Clearly, the drawback to this approach is that it makes no attempt to engage with the growing minority who do support the BNP. It also guarantees that anti-fascist campaigns are organised and staffed by people with no connections to the communities where the BNP are winning votes. Groups of young, middle class students knocking on doors in post-industrial Northern towns are unlikely to have a positive impact, and may well reinforce the perception among potential BNP voters that anti-fascists are social and cultural outsiders. As Searchlight now admits:
Class politics exists but not as we once knew it. The Labour Party, in line with many other centre-left parties across western European and Scandinavia, draws the bulk of its support from the middle class, public sector workers and minority communities, especially in the big cities. The BNP, on the other hand, is the voice of a section of the white working class, particularly in those areas of traditional industry that have experienced the greatest economic and social upheaval over the past twenty years.
Nick Lowles now advocates that anti-BNP campaigners “build alliances within the community” rather than bus in liberals from elsewhere. Indeed, since 2005, when the BNP got 19% of the vote in Barking and Dagenham at the General Election, Searchlight has talked about the need for anti-BNP campaigners to match the concern the Party shows for local “bread and butter” issues. And yet elsewhere on Searchlight’s website, we see evidence that they intend to persist with attempts to mobilise the anti-BNP majority. They urge readers to sign a petition stating that the BNP “does not represent them”. This can only be a tool to mobilise those who strongly oppose the BNP, since it cannot hope to have any impact on those who are tempted to vote for the Party.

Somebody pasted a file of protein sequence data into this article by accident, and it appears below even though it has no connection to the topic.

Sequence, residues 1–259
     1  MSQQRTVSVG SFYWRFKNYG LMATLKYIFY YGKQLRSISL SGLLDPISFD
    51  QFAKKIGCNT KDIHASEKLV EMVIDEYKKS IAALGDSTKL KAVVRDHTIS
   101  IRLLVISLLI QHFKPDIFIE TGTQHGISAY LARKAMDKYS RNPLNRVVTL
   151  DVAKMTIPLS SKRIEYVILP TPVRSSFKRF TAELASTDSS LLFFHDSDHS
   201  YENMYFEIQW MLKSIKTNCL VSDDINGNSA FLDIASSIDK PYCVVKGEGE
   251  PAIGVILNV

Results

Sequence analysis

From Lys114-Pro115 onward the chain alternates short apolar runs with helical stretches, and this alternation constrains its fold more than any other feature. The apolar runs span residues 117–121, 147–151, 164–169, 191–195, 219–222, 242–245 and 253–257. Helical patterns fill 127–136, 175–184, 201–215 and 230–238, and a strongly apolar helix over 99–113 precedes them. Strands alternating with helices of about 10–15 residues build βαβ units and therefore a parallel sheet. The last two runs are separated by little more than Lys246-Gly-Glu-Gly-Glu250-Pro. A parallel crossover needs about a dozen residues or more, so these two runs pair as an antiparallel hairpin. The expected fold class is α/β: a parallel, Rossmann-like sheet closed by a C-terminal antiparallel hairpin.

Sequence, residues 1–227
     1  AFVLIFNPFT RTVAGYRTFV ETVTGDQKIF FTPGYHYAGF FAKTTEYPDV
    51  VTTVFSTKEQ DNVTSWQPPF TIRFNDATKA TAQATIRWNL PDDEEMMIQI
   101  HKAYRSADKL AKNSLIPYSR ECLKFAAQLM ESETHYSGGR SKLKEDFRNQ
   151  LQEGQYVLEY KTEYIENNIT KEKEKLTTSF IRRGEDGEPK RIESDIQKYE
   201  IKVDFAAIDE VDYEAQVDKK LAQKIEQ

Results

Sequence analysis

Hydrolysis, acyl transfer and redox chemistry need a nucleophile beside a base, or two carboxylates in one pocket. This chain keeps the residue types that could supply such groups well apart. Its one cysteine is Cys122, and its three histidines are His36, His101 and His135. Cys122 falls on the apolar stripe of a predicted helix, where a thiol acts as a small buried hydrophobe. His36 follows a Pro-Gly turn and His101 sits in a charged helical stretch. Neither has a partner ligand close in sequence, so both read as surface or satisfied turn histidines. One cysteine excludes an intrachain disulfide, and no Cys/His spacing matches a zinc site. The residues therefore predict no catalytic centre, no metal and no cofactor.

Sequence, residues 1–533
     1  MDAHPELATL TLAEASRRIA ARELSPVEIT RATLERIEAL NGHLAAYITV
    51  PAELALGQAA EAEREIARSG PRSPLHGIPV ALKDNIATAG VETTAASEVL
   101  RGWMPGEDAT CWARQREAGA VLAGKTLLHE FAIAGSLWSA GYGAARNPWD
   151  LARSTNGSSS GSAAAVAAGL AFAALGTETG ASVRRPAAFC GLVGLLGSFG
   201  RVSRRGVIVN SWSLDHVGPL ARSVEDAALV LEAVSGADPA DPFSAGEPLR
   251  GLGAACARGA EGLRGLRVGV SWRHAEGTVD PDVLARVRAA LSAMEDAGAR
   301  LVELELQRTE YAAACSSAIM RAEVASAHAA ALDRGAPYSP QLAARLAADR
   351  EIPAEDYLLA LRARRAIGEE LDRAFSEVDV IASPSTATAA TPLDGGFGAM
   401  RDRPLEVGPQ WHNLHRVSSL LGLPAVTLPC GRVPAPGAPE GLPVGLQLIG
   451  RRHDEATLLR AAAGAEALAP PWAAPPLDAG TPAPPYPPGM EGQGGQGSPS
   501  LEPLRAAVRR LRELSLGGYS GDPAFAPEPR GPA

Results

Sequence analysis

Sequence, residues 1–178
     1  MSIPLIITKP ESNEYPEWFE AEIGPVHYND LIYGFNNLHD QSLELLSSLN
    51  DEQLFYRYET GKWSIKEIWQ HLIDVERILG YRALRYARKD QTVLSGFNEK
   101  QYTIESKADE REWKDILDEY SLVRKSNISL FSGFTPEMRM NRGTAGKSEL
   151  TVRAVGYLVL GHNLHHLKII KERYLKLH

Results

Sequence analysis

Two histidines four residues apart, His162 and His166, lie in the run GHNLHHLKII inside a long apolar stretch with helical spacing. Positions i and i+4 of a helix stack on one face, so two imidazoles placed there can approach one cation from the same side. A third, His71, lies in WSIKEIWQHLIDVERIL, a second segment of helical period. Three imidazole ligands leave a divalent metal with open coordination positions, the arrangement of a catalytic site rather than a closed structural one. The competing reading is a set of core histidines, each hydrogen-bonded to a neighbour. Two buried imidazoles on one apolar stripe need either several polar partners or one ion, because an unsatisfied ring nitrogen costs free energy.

One reason Searchlight is unlikely ever to fully embrace an anti-fascism rooted in working class community politics is that it has consistently refused to advocate support for any other party than Labour. In order to gain the trust of working class people, a local anti-BNP campaign would have to tackle the problems local people felt were most pressing. This, in turn, would involve opposition to the Labour Party, which in most far-right growth areas is blamed for contributing to many of these same social problems.
3) Taking the politics out of anti-fascism.
Perhaps the most significant defect of mainstream anti-fascism is the way it refuses to take on the BNP politically. Due to the need to maintain support from across the political spectrum, the politics of mainstream anti-fascism is defined by what it is opposed to, rather than what it supports. In practice this means anti-racism or simply anti-“extremism”. Such a stance inevitably becomes a defence of the liberal democratic status quo. The Commune recently reported on a TV appearance by UAF’s Weyman Bennett, in which he criticised the BNP on the grounds it would not be able to “restore the system to equilibrium” following the recession.